Your Rights To Colleen, who wrote about the State Theatre: Let me thank you for sharing your views; I think most of us are well in support of the first amendment, because as you know- it gives everyone the opportunity to express their opinions. I also wanted to thank Northern Express for not shutting down these types of letters right at the source but rather giving the community a platform for education...

No Role Model [Fascinating Person from last week’s issue] Jada quoted: “I want to be a role model for girls who are interested in being in the outdoors.” I enjoy being in the outdoors, but I don’t want to kill animals for trophy...

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Comedian Roundtable

A discussion with Winter Comedy Arts Festival’s Dick Gregory, Robert Wuhl and Festival Co-Founder Jeff Garlin

Rick Coates - February 11th, 2013  

We caught up with a few of the headliners of this week’s Traverse City Winter Comedy Arts Festival and got their thoughts on comedy, coming to Traverse City and some of their future projects.


Activist and comedian Dick Gregory has been performing stand up comedy since the late ’50s. He entered the national comedy scene in 1961 when Chicago’s Playboy Club, as a direct request from publisher Hugh Hefner, booked him as a replacement for a white comedian. Now 80, the African American comedian and civil rights activist whose social satire changed the way white Americans perceived African American comedians is as feisty as ever. While in the ’70s, Gregory abandoned full-time comedy to focus on his political interests, which widened from race relations to include such issues as violence, world hunger, capital punishment, drug abuse and poor health care. He has now returned to the stage making 100 plus appearances a year. He will be presented with the TC Winter Comedy Arts Legends Award on Saturday at 6 pm prior to his performance at the City Opera House.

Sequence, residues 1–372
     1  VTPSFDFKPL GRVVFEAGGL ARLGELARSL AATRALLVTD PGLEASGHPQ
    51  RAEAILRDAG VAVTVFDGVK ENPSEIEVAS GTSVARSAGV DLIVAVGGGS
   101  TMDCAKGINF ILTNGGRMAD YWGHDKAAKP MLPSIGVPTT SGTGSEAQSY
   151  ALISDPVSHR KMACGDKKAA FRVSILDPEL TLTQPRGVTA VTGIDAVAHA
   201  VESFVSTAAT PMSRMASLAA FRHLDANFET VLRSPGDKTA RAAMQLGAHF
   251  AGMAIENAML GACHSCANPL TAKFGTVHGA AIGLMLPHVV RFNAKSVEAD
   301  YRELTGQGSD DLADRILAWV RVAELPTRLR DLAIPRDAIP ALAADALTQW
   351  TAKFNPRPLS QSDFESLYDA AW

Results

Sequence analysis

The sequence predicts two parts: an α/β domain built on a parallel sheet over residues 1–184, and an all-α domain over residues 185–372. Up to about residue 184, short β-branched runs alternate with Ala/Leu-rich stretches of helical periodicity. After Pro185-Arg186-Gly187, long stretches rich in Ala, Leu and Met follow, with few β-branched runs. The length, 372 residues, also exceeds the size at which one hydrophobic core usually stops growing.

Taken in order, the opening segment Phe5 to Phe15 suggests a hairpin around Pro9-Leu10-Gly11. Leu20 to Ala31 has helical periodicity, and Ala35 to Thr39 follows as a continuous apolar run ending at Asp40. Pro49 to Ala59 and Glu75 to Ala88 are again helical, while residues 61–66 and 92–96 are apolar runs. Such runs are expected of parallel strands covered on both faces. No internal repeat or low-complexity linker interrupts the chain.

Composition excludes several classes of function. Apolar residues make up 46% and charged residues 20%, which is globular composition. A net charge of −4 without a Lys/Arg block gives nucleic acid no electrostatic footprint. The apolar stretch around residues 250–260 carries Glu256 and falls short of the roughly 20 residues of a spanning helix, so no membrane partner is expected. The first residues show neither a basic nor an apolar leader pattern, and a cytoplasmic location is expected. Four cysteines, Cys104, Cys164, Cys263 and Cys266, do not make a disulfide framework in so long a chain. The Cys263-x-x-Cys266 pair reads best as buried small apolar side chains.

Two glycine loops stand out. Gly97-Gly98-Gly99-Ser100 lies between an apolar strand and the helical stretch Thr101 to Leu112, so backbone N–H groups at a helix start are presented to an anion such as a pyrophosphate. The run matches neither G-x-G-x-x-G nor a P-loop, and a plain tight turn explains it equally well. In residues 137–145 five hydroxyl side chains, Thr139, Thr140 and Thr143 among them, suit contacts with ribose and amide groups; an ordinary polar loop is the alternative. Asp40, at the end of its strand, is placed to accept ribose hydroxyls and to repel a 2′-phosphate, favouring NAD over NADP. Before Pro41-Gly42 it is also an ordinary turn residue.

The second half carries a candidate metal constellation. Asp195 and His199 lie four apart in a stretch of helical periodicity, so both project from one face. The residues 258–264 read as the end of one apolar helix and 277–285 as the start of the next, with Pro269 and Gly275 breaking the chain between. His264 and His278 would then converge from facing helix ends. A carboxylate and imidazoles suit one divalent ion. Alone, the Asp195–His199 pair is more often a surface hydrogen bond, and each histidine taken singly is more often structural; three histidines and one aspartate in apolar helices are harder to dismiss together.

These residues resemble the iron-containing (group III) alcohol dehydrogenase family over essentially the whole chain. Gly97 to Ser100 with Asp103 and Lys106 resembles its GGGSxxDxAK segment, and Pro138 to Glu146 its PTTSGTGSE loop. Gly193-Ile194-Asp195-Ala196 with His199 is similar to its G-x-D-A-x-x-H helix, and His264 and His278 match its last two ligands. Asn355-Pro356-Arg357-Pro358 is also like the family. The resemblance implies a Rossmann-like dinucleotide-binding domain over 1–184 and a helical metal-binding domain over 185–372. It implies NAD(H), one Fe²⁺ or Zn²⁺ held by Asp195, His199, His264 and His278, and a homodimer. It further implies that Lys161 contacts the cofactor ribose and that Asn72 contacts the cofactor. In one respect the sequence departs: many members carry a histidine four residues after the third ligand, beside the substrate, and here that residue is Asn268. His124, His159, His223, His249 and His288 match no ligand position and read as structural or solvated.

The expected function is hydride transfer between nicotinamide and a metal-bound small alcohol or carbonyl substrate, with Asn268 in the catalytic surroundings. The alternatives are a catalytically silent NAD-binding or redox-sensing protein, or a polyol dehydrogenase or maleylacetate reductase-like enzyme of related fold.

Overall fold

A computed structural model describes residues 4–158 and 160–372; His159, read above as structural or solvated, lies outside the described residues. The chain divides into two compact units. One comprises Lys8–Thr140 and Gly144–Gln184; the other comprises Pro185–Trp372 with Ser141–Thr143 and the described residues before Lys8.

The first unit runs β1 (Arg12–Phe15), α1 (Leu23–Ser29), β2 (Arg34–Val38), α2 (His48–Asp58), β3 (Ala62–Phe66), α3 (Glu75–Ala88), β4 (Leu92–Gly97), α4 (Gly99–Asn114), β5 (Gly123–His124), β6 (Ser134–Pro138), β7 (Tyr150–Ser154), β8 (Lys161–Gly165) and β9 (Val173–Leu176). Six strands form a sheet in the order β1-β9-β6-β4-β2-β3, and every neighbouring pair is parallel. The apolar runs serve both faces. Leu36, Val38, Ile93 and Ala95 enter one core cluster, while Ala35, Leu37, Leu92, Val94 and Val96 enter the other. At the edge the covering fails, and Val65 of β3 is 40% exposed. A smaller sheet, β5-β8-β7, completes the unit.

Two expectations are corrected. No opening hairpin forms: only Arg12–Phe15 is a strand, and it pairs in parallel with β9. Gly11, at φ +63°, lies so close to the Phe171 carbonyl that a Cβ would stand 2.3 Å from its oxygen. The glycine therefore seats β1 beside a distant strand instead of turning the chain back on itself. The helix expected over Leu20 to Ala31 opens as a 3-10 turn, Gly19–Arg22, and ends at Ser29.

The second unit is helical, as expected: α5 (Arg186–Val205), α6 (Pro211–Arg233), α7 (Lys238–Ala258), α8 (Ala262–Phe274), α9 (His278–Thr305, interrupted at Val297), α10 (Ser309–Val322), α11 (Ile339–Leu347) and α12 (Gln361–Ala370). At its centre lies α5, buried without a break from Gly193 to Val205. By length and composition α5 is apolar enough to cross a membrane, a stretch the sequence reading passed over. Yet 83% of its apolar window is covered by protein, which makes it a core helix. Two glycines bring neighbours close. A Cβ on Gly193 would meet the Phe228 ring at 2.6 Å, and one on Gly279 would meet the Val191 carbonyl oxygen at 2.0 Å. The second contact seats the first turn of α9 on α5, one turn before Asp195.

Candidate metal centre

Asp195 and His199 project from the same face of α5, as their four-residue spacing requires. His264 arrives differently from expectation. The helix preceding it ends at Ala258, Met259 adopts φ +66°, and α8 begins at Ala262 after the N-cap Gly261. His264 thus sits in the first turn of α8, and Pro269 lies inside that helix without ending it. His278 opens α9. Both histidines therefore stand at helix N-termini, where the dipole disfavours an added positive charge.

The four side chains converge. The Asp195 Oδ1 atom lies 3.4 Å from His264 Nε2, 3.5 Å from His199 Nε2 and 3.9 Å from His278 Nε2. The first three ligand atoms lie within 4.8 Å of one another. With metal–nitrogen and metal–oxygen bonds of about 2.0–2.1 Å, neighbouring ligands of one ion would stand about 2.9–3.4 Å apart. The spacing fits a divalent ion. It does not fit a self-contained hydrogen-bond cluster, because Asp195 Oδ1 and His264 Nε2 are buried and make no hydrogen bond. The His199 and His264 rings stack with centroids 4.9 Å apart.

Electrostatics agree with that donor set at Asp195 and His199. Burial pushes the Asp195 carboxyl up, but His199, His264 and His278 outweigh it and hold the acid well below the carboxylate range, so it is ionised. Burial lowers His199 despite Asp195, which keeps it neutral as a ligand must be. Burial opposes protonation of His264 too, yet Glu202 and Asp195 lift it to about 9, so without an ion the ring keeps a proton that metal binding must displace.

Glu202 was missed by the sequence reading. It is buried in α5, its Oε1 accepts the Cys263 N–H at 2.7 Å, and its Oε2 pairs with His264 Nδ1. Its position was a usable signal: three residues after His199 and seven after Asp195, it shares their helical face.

Northern Express: Mr. Gregory you have been an outspoken critic of the injustices in our society for 60 years especially in the area of race. You have used your stand up career to at times make light of these, do you have any sense that race relations have improved at all in our country?

Dick Gregory: Yes and no, the physical has improved, but not the mental. What I mean by that is after listening to white folks for years, I assumed that all black folks looked alike. Well after President Obama was elected, I haven’t had one white person come up to me and say, “Excuse me, Mr. President.” So I guess we don’t all look alike. But sure, it has improved, but that is like saying we have cured some of the cancer in your body but there is some still there that you can live with. Well, you still have cancer in your body. The same can be said when it comes to race relations. It is a mental thing now, it is in the mind. That is where racism exists, and now we are trying to rewrite history like some things didn’t even exist.